3 Centers the Chicago Bears Should Pursue in Free Agency

The Chicago Bears need to upgrade at center on the offensive line. Here are three players they should try to sign in free agency.

Denny Medley-USA TODAY Sports
facebooktwitterreddit
Prev
2 of 3
Next

Evan Brown

Brown makes the most sense since he started 16 games at center for new offensive coordinator Shane Waldron while they were both together in Seattle last season.

Brown was an undrafted free agent who bounced between the New York Giants, the Miami Dolphins, and the Cleveland Browns during his first two NFL seasons before finally catching on with the Detroit Lions.

He started 24 games splitting time between guard and center for the Lions during his two-and-half seasons there. Brown then signed with the Seahawks last season.

Brown finished with a 55.5 overall rating according to PFF. He gave up just three sacks in 955 snaps last season but did commit seven penalties.

The risk is that Brown could just be history repeating itself like when the Bears signed Lucas Patrick two years ago because he was familiar with former offensive coordinator Luke Getsy's scheme due to their time together in Green Bay.

Brown's rating is better than Patrick's 50.5 and Brown committed four fewer penalties than Lucas, who led the league at center according to PFF.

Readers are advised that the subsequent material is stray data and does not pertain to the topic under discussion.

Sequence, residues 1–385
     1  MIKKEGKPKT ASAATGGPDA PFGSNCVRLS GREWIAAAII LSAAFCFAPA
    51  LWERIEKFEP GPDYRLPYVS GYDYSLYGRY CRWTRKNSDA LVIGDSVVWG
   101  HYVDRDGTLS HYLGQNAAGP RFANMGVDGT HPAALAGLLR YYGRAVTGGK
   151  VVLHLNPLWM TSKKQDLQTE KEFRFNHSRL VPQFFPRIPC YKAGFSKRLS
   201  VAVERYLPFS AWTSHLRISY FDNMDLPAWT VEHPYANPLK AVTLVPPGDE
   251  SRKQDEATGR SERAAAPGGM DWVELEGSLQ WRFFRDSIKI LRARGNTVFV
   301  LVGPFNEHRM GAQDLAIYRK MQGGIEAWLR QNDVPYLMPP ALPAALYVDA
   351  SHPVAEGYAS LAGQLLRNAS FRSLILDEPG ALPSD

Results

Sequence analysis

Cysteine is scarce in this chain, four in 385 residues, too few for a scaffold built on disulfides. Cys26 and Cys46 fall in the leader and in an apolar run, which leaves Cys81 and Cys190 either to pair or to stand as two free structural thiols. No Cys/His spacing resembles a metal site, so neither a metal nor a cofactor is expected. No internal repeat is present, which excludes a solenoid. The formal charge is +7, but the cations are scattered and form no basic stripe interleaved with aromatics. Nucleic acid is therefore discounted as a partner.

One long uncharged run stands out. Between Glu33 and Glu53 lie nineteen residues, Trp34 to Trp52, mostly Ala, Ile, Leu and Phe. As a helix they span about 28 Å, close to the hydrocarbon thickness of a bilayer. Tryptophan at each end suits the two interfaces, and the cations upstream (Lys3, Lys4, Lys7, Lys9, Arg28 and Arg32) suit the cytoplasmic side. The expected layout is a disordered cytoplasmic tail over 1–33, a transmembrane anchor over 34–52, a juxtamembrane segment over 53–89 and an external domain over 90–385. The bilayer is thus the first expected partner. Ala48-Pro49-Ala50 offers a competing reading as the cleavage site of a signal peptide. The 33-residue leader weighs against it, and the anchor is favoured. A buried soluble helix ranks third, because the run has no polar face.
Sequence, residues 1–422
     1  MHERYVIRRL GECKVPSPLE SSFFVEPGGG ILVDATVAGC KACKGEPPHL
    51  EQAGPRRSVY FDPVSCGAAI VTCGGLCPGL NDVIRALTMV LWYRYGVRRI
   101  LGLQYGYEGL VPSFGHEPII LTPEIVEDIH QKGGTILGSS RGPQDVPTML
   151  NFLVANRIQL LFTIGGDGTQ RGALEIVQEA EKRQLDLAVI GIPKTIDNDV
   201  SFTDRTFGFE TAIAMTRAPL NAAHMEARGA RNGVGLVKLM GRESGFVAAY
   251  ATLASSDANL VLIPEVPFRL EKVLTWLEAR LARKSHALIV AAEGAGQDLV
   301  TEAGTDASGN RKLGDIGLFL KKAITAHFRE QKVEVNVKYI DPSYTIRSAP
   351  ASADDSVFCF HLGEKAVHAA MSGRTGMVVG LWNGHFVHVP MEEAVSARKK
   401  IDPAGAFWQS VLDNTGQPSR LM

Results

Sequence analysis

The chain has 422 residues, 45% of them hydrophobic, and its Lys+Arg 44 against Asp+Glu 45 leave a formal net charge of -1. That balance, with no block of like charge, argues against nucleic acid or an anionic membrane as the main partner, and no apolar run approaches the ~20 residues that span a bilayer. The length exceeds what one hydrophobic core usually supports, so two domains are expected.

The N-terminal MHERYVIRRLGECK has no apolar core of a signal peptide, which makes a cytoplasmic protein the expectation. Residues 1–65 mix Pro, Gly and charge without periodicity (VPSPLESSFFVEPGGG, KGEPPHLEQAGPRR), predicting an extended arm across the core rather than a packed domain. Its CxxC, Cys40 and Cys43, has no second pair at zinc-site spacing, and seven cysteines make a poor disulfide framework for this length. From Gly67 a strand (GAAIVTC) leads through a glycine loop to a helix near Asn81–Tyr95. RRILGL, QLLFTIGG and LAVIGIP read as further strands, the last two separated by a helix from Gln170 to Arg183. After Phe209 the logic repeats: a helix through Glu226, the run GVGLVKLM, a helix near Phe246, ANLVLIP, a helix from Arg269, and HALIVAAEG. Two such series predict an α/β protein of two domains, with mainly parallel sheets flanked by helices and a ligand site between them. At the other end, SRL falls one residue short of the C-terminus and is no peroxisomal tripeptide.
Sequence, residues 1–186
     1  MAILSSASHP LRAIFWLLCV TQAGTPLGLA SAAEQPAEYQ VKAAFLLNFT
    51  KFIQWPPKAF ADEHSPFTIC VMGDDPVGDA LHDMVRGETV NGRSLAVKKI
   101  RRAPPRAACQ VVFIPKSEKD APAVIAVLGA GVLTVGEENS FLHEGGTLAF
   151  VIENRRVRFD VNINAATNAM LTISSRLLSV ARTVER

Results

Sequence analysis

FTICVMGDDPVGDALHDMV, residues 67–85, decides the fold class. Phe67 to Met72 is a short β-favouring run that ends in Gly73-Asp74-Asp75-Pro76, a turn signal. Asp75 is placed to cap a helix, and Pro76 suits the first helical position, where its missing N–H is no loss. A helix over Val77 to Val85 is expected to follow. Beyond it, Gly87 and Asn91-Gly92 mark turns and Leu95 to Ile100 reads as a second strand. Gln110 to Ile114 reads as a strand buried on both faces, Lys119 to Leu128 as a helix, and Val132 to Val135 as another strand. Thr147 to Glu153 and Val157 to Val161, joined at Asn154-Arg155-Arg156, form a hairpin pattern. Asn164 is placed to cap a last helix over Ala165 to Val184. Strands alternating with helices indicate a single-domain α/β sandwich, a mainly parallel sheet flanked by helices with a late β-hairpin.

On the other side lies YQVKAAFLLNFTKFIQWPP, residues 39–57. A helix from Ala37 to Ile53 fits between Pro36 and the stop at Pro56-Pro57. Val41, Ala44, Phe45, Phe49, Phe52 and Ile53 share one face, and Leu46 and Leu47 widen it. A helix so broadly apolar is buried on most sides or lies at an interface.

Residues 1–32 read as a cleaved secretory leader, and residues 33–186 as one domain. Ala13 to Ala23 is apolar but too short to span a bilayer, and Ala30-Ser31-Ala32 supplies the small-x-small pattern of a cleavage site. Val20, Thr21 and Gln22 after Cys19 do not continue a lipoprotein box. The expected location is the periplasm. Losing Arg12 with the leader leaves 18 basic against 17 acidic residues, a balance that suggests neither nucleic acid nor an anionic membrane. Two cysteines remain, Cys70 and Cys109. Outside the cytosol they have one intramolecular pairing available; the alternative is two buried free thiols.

The concern with Brown is the Seahawks' line struggled last season. Seattle also had injuries to deal with on the offensive line. It seems the guards were a problem and not Brown.

Brown is 27, so he still has youth on his side that the Bears like. His experience with Waldron's offense would be valuable to help Williams if the Bears choose to draft him. Rookie quarterbacks all struggle with understanding protection assignments. Brown would be valuable there in helping Williams grow in that area.

He feels like a prime free agent to sign while the Bears double-dip at upgrading the position by drafting a center too. That rookie center could sit behind Brown much like the legendary Olin Kreutz did behind Casey Wiegmann in 1998.